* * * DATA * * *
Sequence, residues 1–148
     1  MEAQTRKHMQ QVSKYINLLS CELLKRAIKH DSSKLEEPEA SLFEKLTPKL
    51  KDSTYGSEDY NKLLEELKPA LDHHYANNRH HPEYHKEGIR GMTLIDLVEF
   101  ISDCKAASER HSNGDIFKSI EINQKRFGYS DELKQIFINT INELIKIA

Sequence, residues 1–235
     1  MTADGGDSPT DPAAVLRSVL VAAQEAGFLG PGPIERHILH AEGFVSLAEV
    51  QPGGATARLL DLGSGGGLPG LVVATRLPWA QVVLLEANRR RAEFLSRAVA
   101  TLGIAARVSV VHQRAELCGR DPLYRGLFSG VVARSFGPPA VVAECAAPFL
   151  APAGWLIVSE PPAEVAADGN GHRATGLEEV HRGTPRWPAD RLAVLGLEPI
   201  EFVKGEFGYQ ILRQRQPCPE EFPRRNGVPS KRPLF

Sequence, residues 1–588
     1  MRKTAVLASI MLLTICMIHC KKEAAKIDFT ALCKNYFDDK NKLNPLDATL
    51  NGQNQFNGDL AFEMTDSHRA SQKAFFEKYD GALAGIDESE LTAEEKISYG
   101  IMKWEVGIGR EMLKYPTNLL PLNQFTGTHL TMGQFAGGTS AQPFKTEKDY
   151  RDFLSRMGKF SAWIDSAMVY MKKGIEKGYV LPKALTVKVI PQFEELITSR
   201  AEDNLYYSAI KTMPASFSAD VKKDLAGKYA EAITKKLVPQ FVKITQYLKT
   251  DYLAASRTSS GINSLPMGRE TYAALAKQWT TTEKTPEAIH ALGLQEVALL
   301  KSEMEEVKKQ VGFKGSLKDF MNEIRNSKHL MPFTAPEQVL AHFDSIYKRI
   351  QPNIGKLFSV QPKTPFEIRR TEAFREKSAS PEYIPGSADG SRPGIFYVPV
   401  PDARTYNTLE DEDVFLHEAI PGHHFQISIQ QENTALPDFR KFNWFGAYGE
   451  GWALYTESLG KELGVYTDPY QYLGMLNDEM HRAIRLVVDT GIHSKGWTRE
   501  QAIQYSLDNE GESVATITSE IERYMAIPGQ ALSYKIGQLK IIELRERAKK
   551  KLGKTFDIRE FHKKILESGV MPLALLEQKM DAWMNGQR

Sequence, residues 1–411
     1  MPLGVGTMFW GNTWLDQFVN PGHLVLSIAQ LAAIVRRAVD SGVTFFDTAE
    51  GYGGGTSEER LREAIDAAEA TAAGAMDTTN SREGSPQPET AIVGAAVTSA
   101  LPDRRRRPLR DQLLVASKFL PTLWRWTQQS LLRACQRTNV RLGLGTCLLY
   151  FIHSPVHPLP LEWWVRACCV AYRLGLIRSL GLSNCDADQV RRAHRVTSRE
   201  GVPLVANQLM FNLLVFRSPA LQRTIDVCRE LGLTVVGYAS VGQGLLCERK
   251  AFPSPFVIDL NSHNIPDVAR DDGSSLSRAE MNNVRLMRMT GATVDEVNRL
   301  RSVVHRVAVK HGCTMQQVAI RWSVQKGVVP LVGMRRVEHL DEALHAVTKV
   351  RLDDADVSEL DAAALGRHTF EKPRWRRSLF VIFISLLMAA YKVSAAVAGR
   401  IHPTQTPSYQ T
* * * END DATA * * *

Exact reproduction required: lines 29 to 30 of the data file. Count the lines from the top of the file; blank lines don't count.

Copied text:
   201  GVPLVANQLM FNLLVFRSPA LQRTIDVCRE LGLTVVGYAS VGQGLLCERK
   251  AFPSPFVIDL NSHNIPDVAR DDGSSLSRAE MNNVRLMRMT GATVDEVNRL